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EAST RUTHERFORD, N.J. -- Observed in the locker room after the New York Jets' 19-6 loss to the Pittsburgh Steelers at MetLife Stadium:

Pace
No consistency: Rex Ryan and several players lamented the team's lack of consistency on a week-to-week basis. In fact, the Jets (3-3) have managed only one two-game winning streak over the last 25 games -- and that occurred last season. "It sucks, man," linebacker Calvin Pace said. "We talk about how we want to be a playoff team, but to be a playoff team, you have to win more than one game [in a row]. If you win one, lose one, you're 8-8. We have to be better than that." Sitting a few feet away, the usually affable Sheldon Richardson refused to speak to the media. "It's called being mad as hell, and I don't want to talk to y'all," the rookie defensive tackle said.

Walking wounded: The Jets suffered four injuries -- CB Kyle Wilson (possible concussion), RB Mike Goodson (knee), WR Clyde Gates (shoulder) and RB Bilal Powell (shoulder), who insisted he was fine. That wasn't the case with Gates, who was seen in the locker room with his left arm in a sling. The Jets already are down a receiver, with Santonio Holmes (hamstring) likely to miss next Sunday's game against the New England Patriots. Losing Gates would hurt. Obviously, the backfield would take a hit without Powell and Goodson, whose injury could be serious.

Contradicting alibis: Geno Smith said his first interception, near the Steelers' goal line, was an intentional throwaway. Ryan gave a different version, saying he "would've liked to have seen him throw the ball away there and not force it." Looking at the replay, it sure looked like a forced throw into triple coverage. Graybeard S Ryan Clark read it perfectly and made the interception at the 1-yard line in the third quarter, ending Smith's streak of eight straight quarters without an interception.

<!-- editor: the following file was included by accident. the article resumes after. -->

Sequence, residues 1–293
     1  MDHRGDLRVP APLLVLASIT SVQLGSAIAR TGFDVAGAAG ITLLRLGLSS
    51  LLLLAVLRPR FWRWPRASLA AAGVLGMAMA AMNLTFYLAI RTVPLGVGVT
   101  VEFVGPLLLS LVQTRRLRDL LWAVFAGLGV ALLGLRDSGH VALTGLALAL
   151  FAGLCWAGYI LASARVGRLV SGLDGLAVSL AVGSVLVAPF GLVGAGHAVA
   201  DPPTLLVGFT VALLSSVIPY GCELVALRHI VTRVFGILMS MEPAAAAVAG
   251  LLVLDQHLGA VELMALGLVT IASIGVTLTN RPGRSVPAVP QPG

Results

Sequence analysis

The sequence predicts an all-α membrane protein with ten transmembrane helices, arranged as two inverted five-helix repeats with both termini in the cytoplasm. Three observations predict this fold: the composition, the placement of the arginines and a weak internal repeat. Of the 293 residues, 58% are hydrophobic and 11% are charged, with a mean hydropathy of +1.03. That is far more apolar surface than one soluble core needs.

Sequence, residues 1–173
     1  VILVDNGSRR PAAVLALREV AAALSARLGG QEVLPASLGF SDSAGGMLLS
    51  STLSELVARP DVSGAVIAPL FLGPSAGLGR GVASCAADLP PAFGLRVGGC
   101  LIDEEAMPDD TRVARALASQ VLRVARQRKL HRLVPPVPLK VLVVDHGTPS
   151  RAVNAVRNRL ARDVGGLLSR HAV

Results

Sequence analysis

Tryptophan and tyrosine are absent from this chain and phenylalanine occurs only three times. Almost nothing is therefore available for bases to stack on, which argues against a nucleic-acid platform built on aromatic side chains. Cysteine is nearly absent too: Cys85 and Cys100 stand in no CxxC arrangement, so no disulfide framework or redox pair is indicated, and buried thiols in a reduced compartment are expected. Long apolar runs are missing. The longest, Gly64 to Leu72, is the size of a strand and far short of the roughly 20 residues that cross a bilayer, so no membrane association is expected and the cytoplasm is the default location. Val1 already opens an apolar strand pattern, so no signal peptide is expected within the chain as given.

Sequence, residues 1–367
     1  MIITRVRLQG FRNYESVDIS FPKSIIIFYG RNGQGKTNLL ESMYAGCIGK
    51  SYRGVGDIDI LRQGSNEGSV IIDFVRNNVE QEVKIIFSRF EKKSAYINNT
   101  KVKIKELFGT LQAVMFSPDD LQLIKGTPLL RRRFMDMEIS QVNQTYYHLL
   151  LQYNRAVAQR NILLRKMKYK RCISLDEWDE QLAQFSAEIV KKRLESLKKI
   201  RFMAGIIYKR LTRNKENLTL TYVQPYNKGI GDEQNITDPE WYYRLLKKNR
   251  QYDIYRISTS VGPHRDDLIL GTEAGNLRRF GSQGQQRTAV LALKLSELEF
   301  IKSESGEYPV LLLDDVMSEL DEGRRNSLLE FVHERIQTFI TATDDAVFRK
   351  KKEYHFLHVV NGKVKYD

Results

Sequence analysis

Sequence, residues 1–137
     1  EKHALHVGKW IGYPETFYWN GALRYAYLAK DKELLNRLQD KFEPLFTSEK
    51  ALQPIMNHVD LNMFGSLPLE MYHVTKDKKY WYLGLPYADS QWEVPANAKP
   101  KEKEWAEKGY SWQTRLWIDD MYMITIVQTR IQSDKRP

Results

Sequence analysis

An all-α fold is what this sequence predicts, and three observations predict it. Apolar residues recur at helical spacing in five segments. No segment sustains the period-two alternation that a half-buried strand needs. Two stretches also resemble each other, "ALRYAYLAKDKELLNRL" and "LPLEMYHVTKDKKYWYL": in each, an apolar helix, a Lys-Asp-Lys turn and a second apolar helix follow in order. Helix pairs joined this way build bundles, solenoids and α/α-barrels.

Upon Further Review: Jets Week 5

October, 8, 2013
10/08/13
2:15
PM ET
An examination of four hot issues from the New York Jets' 30-28 victory over the Atlanta Falcons on "Monday Night Football":

[+] EnlargeGeno Smith
Dale Zanine/USA TODAY SportsRookie Geno Smith leads the NFL in game-winning, fourth-quarter drives. He has three for the Jets this season.
1. Broadway Geno: This is what makes the NFL so compelling: A week ago, Geno Smith was a turnover-prone rookie, hearing whispers about his job security. Now he's Mr. Clutch, delivering one of the Jets' best two-minute drives in years to stun the Falcons. Years from now, this could be remembered as a turning point in his career. For now, he should savor the moment. Consider: He became the first rookie quarterback in the Super Bowl era to compile this trifecta on the road -- 80 percent completion rate, three touchdowns and zero interceptions, according to ESPN Stats & Information. Oh, by the way, he leads the NFL in game-winning, fourth-quarter drives -- three. How meaningful is that? Prior to this season, it happened only twice in Jets history by a rookie quarterback. One word: Wow.